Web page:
Intro to geographic data
Geographic data is any dataset that has a location element to it – usually provided as latitude and longitude coordinates – that describes a set of points, lines, or polygons, or a picture (raster) with other non-geographic attributes attached to them. A lot of datasets fall under the category of geographic data (aka spatial data) – from bus stops, postcodes, and cycle paths to polling places, satellite or aerial photography, and mineral deposits.
Google Maps may have popularised mapping, but actually working with the data that underlies a map requires some specialist tools and knowledge.
If you’re new to working with spatial data then we highly recommend reading Tom MacWright’s truly excellent mapschool: a free introduction to geo site. You can skim through it in about half an hour and get up to speed on the basics of spatial data, learn about the common data types, and likely pick up some knowledge that will save you a lot of frustration down the line.
Quick and dirty – just show me what the data looks like
The first thing you’ll probably want to do when you find data is to actually just quickly view it to see what it looks like, check if the data is what you thought it was, if the geographic distribution is about right, et cetera.
Well, there’s a couple of options.
For really quick and simple viewing you can drop most common sorts of spatial vector data on geojson.io and see a quick representation of it (as well as then exporting it back out to a different format). All of the processing is client-side though, so you might want to avoid giving it a huge or complex dataset. MapStarter is another similar service, though it only allows you to export the data as an image (or a simple web map).
Oh – and did you know that GitHub will render any GeoJSON files that you commit to your repo. Fun!
For any larger or more complex datasets QGIS is a great open source cross-platform tool for viewing any and every type of spatial data.
Converting between data formats
So you’ve found the dataset you want, but it’s in some bizarre and possibly arcane format (Shapefiles, MapInfo TAB file – I’m looking at you! [on behalf of the entire spatial industry I apologise for these two formats still existing]) and you want to convert it to something more developer friendly and modern (e.g. GeoJSON, CSV, KML).
For small datasets (< 10mb) MyGeoData will let you convert between most formats. For anything beyond 10mb you’ll want to reach for the GDAL command-line tools – GDAL is a fantastic open source project that has been embedded in a lot of the software in the spatial world. To translate vector data in GDAL reach for the ogr2ogr command (if you’re on Windows ogr2gui is available too), for raster (picture) data gdal_translate will convert almost anything to almost anything else.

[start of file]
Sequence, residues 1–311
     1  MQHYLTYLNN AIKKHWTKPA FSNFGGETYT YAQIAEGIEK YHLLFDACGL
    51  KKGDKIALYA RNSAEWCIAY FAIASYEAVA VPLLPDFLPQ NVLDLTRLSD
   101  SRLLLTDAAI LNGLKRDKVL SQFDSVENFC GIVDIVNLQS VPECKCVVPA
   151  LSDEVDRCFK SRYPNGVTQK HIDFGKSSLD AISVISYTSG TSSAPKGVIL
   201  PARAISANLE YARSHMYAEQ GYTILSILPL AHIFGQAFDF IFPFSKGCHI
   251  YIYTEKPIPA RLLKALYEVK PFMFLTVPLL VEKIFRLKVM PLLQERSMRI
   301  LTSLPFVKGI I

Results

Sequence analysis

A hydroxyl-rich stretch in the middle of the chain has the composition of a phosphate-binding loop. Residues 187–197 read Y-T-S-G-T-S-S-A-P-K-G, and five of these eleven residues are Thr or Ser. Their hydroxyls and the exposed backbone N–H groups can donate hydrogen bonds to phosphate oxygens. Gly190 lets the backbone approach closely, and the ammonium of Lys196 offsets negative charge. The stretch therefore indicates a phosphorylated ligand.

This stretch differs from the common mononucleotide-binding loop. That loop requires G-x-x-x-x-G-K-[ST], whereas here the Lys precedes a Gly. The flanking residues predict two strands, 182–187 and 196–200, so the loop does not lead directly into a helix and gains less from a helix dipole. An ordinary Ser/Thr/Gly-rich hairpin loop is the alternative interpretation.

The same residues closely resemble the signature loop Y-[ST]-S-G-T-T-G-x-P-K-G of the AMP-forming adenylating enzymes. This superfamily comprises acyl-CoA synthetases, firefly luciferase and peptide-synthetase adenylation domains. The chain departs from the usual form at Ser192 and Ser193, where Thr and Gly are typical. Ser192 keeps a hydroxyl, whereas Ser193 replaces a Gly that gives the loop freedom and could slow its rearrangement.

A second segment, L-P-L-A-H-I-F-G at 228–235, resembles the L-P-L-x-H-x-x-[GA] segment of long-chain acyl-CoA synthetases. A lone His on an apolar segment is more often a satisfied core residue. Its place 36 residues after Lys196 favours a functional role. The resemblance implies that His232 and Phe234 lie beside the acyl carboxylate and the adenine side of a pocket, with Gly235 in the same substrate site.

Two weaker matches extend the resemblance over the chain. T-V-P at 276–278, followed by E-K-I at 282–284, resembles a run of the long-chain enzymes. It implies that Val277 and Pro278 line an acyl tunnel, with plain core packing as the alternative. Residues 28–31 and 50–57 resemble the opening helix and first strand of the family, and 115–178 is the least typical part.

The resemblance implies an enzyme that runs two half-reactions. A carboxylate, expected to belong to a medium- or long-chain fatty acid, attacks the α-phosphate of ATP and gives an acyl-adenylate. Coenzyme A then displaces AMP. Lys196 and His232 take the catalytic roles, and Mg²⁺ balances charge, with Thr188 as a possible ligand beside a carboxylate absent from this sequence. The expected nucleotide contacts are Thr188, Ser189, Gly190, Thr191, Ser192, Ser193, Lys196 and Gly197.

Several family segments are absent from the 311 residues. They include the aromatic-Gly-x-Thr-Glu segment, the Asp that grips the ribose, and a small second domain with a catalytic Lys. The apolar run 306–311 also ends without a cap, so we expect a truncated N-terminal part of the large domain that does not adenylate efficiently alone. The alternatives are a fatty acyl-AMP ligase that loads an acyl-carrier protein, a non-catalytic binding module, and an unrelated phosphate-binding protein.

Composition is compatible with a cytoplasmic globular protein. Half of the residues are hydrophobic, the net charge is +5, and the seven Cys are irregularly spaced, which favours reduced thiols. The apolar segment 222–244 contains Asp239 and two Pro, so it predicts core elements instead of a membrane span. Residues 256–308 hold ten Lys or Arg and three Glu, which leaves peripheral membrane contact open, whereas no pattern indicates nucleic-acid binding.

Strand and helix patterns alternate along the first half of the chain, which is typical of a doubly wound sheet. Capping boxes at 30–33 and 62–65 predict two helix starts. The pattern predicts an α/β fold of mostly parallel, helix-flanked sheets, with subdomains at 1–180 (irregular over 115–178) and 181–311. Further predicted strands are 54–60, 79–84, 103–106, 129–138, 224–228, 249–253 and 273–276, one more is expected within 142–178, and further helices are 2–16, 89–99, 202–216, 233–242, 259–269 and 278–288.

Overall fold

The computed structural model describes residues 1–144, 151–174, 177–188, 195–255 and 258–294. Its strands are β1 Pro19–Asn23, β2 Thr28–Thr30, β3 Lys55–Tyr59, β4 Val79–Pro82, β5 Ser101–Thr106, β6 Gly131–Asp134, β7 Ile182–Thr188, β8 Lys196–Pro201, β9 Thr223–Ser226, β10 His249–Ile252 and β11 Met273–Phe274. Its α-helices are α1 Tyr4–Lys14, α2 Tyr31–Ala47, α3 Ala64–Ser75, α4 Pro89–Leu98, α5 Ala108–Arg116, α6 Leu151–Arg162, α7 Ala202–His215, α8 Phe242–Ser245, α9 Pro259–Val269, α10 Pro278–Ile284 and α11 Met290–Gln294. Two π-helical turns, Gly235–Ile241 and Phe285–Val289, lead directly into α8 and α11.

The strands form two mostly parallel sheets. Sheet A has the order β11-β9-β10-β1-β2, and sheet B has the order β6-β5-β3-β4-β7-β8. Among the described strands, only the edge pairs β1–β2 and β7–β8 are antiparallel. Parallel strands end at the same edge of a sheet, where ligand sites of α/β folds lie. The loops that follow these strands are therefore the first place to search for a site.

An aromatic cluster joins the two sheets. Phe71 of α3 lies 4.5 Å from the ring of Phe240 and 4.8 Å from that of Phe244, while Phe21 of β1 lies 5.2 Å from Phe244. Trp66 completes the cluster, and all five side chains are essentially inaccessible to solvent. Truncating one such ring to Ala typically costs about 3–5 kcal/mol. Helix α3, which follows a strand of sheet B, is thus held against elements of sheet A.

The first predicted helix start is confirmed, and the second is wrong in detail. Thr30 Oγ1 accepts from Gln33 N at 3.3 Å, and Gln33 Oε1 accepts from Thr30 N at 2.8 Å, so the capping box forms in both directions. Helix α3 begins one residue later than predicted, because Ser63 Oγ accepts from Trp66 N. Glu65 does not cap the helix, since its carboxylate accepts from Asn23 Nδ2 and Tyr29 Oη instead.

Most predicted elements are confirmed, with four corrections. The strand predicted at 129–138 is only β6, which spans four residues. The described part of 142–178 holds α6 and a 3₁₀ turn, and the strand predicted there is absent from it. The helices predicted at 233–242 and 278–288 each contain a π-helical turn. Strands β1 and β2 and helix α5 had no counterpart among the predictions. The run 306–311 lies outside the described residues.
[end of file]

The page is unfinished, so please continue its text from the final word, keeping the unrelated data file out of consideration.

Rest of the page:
If command-line tools aren’t your thing skip down a bit to the section on QGIS for a cross-platform GUI built on, amongst other things, GDAL.
Oh – and there are GDAL bindings available for Perl, Python, Java, C#/.NET, Ruby, and R. Scroll on down to the Spatial analysis section for more suggestions of libraries to use in your favourite language.
Geocoding – turning an address into coordinates
Your geocoding needs will likely fall into one of two categories: Needing to geocode an address provided by the user vs needing to batch geocode a set of addresses in a dataset.
The School of Data has two great introductory posts Geocoding Part 1: Introduction to Geocoding and Geocoding Part 2: Geocoding Data in a Google Docs Spreadsheet.
In the former case, your quickest and easiest option is to make use of the Google Geocoding API built on top of Google Maps. Examples are available of a simple geocoding call and an address search with auto-complete functionality. Caveat emptor – the Google Maps Terms of Service do require that the results of geocoding requests are displayed in some fashion on top of a Google Map and limits you to 2,500 requests/day.
There are some free / open source RESTful APIs for geocoding, which you could happily either wrap a UI around or issue batch requests to yourself. These include the MapQuest Nominatim Search API, the MapBox Geocoding API, and the GeoNames Search API.
If you’re after a more set-and-forget geocoding service that will geocode a whole file of addresses with having to fiddle with making your own API calls then take a look at CartoDB’s geocoding functionality – and Google Fusion Tables is still kicking around in “experimental” mode (tutorial here).
Lastly, the Python library geopy provides a convenient API wrapper around almost every geocoding service known to humanity.
Unless the spatial part of your project is only for window dressing you’re probably going to need to do some analysis between it and other datasets. For instance – you might need to group one of your spatial datasets (like public transport usage) by another (like suburbs) to generate some summary statistics on usage.
You could hack together some code yourself to work it out, but really there are some far better and far far more powerful options available to you.